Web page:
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The Enemy Of Social Media

In an article on SmartBlog titled Making the case with Valeria Maltoni By Mary Ellen Slayter ask: At what level in an organization do you think tends to be the most resistance to using social media?

More than resistance there are skepticism and sheer bandwidth issues. That’s why it’s so important to speak the language of business when describing social media. Listening will help you create a baseline for the business.

Run a test case. Pick a niche, or a region where to test a simple implementation, and then come to the table with results from your activities. You will encounter the most resistance from the groups to whom you cannot demonstrate results.

What are the three most common mistakes you see people make when pitching social media to senior management?

  1. Lack of strategy.
  2. Lack of vision.
  3. Lack of execution skills.

Do you think different strategies are needed to sell social media at large, established organizations vs. small firms ?

Large organizations are more siloed and less organic [than smaller ones]. Execution depends very much on culture and the tone set from the top. Still, selling really depends on the value you can document and provide as well as the cultural makeup or readiness of the organization.

Where have you encountered the greatest resistance to social media in your organization?

    President/CEO/Owner/Principal 20.98%
    Senior management (VPs) 19.64%
    Middle managers (Supervisors/Directors/Managers) 16.52%
    No one has resisted 16.07%
    They all put up a fight 11.16%
    Other C-level 7.14%
    Clients 6.70%
    Entry-level workers (Staff) 1.79%

If you successfully overcame resistance to using social media at your organization, what would you credit as the secret to your success?

    I just did it, and served as the role model myself. 52.81%
    By pointing to other companies’ success stories as role models. 26.97%
    Using hard numbers to demonstrate the ROI. 11.24%
    Other. 8.99%

Is Social Media It’s Own Worse Enemy?

In an earlier article titled “Is Social Media Strategically Relevant?” we discussed what the market is communicating  to executive level positions in companies everywhere. Based on this article we would say that since social media is communications then if the market is not effectively communicating its value then the market is its own worse enemy.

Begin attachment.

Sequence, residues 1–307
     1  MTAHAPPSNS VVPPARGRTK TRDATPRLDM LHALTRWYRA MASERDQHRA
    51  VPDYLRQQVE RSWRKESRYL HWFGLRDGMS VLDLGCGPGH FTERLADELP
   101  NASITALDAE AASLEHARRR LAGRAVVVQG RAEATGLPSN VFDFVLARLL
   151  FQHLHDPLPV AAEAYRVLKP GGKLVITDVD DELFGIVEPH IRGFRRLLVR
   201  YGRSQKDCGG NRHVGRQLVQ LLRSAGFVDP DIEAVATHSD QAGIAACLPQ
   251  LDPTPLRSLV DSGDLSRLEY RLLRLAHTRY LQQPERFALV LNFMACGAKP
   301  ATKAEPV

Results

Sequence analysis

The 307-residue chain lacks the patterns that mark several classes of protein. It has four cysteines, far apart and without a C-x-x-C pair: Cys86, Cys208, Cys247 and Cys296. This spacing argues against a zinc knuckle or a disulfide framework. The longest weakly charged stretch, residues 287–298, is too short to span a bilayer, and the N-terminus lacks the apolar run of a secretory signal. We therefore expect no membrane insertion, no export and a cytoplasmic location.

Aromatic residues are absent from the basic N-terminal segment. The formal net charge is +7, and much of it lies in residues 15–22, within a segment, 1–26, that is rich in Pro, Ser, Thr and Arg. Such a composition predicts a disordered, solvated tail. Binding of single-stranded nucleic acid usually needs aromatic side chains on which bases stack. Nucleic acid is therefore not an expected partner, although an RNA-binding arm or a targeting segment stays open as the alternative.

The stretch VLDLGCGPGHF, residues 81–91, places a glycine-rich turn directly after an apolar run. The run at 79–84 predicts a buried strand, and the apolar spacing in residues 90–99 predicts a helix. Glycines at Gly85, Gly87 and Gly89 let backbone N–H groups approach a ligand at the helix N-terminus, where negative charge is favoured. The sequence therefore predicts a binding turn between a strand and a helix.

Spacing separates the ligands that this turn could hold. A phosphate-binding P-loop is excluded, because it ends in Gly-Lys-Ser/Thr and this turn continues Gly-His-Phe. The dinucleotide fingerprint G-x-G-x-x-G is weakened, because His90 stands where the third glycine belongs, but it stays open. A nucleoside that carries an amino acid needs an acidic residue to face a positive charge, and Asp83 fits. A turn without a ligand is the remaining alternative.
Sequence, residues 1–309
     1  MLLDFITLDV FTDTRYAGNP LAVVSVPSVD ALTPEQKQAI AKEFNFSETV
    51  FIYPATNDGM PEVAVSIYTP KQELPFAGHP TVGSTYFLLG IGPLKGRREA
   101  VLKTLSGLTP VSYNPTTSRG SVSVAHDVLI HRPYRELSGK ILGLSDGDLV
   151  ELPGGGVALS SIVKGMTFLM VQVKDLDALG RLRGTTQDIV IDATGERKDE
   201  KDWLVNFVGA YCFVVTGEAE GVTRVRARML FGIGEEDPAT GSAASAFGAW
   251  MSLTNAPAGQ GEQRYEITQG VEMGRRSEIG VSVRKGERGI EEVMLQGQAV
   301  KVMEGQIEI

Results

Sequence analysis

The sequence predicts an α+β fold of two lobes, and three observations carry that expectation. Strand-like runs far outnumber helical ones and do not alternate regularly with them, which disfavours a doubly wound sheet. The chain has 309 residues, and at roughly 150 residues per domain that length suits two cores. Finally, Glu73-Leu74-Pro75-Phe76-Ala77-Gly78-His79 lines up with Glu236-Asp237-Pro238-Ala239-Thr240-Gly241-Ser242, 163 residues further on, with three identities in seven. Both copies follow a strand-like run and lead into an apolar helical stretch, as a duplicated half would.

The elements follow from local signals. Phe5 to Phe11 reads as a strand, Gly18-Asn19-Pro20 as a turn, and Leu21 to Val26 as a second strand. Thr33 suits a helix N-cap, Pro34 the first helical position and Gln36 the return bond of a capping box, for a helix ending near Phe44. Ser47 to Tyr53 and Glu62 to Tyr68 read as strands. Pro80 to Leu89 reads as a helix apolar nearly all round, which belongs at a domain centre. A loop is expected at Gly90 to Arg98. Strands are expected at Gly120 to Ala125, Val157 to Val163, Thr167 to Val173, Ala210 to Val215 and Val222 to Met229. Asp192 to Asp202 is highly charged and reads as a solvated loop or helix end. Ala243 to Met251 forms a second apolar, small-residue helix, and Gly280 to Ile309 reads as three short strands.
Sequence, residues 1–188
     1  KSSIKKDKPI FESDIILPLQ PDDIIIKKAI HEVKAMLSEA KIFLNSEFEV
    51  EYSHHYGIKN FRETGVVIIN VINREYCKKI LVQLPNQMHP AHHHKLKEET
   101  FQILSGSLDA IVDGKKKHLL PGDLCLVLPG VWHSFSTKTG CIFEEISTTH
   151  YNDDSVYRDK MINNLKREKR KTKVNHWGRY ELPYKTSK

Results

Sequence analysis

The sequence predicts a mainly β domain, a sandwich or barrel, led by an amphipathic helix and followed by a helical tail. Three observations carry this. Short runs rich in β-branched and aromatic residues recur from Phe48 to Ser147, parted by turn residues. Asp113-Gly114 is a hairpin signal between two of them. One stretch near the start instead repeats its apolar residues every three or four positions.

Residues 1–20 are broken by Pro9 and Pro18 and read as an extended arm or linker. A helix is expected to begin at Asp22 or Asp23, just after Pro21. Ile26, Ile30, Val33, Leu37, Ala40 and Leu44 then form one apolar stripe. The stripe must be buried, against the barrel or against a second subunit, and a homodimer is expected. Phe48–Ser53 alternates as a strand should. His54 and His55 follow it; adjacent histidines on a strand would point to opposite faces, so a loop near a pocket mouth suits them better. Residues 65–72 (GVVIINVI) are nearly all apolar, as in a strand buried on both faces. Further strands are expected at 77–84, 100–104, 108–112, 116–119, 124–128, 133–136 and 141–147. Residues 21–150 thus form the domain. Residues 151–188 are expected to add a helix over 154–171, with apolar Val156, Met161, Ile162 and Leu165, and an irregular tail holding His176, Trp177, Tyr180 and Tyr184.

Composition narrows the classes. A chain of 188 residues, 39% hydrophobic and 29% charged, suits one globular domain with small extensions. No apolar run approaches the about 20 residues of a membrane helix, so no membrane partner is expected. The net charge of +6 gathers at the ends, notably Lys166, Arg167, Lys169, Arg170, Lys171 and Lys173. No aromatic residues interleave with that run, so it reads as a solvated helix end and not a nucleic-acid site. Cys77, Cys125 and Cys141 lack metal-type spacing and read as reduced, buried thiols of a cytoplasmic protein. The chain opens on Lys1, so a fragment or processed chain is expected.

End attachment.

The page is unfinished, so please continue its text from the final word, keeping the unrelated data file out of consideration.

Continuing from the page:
Out of 200 million blogs and billions of “Twits” daily most discuss issues that are not relevant to “usage of social media for business purposes”.  Subsequently what most CEO’s and the media see’s is useless chatter thus they have difficulty putting the use of social media into context.

When you examine how the traditional media and most businesses are using social media what you find is social media being used to “push” out their messages and most consider it just another marketing channel. Few see social media as a strategic weapon and even less understand “how” to use it effectively.

In another post titled “Again, What Is Social Media?” we said Communications is the essence of any economy. Like a bank, the higher the rate of interest the more currency we create from our conversations. However this currency is driven by the relevancy of our conversations and the use of said conversations by the market of people communicating.

This currency is like money in that if your conversations create a rate of interest you are earning value created by the interest from people. The value created begins with a relationship with the market of interest.  The market of interest is people whom have an affinity and interest in your conversation. Converting conversations to money is the end result of effectively and efficiently managing the process of communicating value to an audience.

And yet CEO’s still don’t understand the strategic importance of communications and communicating effectively. The enemy is stinking thinking from the neck up. Get it?

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